Pentagon and Google work on tool to identify cancer in veterans

Google and the US Department of Defense have teamed up to create a new artificial intelligence tool to study and identify cancer among military veterans.

The Pentagon’s Defense Innovation Unit (DIU) has asked Google to produce a new AI model of information that could be used with virtual reality microscopes, Fox News reported exclusively. 

The project, called Predictive Health, will help physicians find tumor cells under the microscope to procure information about its genetic profile and structure.   

Researchers say the program will help lower the healthcare costs by identifying cancer in its earlier stages and lightening the burden on pathologists so they can focus on treating patients. 

Google and the Pentagon's Defense Innovation Unit are teaming up to create a new AI tool to help military veterans with cancer. Pictured: Google office building in Silicon Valley, California, June 2020

Google and the Pentagon’s Defense Innovation Unit are teaming up to create a new AI tool to help military veterans with cancer. Pictured: Google office building in Silicon Valley, California, June 2020

The model, called Predictive Health, will identify tumors and help pathologists learn its genetic profile and structure. Pictured: Staff at Naval Medical Center San Diego's Radiology department prepare a patient for a brain MRI, August 2020

The model, called Predictive Health, will identify tumors and help pathologists learn its genetic profile and structure. Pictured: Staff at Naval Medical Center San Diego’s Radiology department prepare a patient for a brain MRI, August 2020

‘Health care is critical to the military’s force readiness,’ Mike Daniels, Vice President of Global Public Sector at Google Cloud, told Fox News. 

‘More important than that, or equally important, is funding for certain cancer-related programs. The [Defense Health Agency] spends $1.7 billion of its annual budget on cancer research.’

Daniels says there are two outcomes Google hopes to achieve with the program.  

The first is to increase the odds of good patient outcomes and the second is to help doctors sort through data faster and more efficiently.  

‘Medical professionals are already overworked,’ said Nathanael Higgins, the Pentagon’s support contractor managing the program, in a statement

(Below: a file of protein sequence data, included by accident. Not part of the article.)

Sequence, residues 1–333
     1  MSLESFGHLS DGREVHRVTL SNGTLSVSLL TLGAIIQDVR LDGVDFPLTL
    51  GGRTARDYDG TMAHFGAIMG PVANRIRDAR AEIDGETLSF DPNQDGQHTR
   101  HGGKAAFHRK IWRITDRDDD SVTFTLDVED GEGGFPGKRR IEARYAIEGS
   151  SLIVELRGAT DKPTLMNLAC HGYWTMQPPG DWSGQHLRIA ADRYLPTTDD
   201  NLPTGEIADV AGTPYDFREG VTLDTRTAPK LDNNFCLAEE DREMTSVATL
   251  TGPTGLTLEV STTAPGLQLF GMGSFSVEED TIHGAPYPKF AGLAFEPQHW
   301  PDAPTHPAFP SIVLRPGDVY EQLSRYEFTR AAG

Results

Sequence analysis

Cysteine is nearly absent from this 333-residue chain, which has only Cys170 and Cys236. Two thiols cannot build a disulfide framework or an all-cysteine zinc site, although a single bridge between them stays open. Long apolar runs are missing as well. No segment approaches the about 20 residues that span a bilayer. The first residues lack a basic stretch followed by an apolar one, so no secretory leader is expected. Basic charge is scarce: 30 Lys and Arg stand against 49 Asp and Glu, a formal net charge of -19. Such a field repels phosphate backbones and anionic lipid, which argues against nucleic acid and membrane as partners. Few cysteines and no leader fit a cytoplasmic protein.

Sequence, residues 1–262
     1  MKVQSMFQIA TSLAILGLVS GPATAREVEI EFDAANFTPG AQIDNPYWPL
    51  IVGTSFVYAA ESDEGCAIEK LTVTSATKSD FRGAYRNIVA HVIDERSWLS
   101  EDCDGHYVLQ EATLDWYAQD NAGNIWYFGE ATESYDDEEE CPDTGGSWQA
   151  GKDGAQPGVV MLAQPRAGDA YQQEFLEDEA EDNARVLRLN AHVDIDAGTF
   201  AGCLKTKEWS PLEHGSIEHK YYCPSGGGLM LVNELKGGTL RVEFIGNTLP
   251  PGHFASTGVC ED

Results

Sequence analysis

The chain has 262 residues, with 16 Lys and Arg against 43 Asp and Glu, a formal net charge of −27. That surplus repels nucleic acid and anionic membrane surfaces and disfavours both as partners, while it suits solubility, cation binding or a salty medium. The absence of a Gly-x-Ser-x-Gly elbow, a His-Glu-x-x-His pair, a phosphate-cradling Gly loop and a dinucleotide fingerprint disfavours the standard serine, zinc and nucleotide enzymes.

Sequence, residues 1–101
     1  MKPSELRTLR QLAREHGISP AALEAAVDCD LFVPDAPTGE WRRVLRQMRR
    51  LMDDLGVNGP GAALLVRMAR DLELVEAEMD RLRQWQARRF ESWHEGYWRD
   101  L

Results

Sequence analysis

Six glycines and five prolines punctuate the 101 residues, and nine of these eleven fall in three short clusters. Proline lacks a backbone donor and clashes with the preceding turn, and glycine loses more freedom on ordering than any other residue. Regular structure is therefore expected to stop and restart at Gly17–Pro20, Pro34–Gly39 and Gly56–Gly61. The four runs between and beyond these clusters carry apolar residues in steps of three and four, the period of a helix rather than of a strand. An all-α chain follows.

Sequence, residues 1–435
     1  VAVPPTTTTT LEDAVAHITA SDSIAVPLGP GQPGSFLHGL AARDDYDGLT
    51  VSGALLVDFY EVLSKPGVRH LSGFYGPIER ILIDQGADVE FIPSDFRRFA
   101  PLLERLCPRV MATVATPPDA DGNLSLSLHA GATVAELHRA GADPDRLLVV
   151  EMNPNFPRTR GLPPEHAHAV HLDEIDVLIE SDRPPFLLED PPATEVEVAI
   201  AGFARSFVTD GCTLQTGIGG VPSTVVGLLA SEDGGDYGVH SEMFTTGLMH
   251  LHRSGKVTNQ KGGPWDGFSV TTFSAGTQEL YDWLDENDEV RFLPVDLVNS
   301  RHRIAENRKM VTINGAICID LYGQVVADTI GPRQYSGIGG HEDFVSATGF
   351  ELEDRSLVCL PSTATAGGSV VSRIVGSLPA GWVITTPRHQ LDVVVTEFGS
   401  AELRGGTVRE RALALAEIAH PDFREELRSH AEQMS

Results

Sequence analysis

‘We’re essentially giving them an additional tool that will help them make confident decisions – and know that they made the right decision – so that we’re not facing as many false negatives or false positives.     

‘And ultimately we’re able to identify these types of disease states earlier, and that’ll help the long-term prognosis.’   

The program will first focus on certain types of cancer including breast, colon and prostate cancer, reported Fox News.

The tool will also look at cervical dysplasia, a precancerous condition in which abnormal cells grow on the cervix lining, and lymph node metastasis.

Researchers will train the AI tool by getting it to recognize a picture of cancer and learn which type it is.

Dr Niels Olson, the DIU chief medical officer and originator of the Predictive Health project, says this is similar to a parent teaching a child how to identify objects.  

‘The kid asks: “Mom, is that a tree?” And Mom says: “No, that’s a dog,”‘ Olson said in a press release. 

‘The kids learn by getting it wrong. You make a guess. We formally call that an inference, a guess is an inference. And if the machine gets it wrong, we tell it that it got it wrong.’ 

Higgins adds that this project will help drive down costs by catching cancer earlier and requiring patients to undergo less invasive treatments.

Researchers say this will help drive down healthcare costs and lessen the workload for clinicians. Pictured: Deanna Eichenlaud, a patient at Naval Medical Center Portsmouth, undergoes a PET scan at the medical center's Nuclear Medicine Clinic, August 2013

Researchers say this will help drive down healthcare costs and lessen the workload for clinicians. Pictured: Deanna Eichenlaud, a patient at Naval Medical Center Portsmouth, undergoes a PET scan at the medical center’s Nuclear Medicine Clinic, August 2013

The program will first focus on certain types of cancer including breast, colon and prostate cancer but could expand in the future. Pictured: Cmdr Christopher Kuzniewski, lead diagnostic cardiopulmonary radiologist at Naval Medical Center Portsmouth, reads a CT scan, February 2013

The program will first focus on certain types of cancer including breast, colon and prostate cancer but could expand in the future. Pictured: Cmdr Christopher Kuzniewski, lead diagnostic cardiopulmonary radiologist at Naval Medical Center Portsmouth, reads a CT scan, February 2013

It will also lessen the workload on healthcare workers. 

Aashima Gupta, the director of global health care solutions for Google Cloud, told Fox News that pathologists looking through microscopes is a ‘laborious’ task. 

‘When they’re looking and analyzing tissue, small cells need to be noted and this can be used to determine the stage of the cancer,’ she said. 

‘Our hope is to limit the unidentified data by bringing this technology into the clinical workflow so that while the pathologist is doing that examination, the model overlays and identifies the areas where it may need more focus. 

‘Doctors can tell if there are certain areas where they can go deeper, or if certain segments need more attention than others.’ 

The Pentagon says the project is expected to end within two years and could expand different types of cancer as well as other treatments such blood transfusions or vaccines.

Google did not reply to DailyMail.com’s request for comment in time for publication.   

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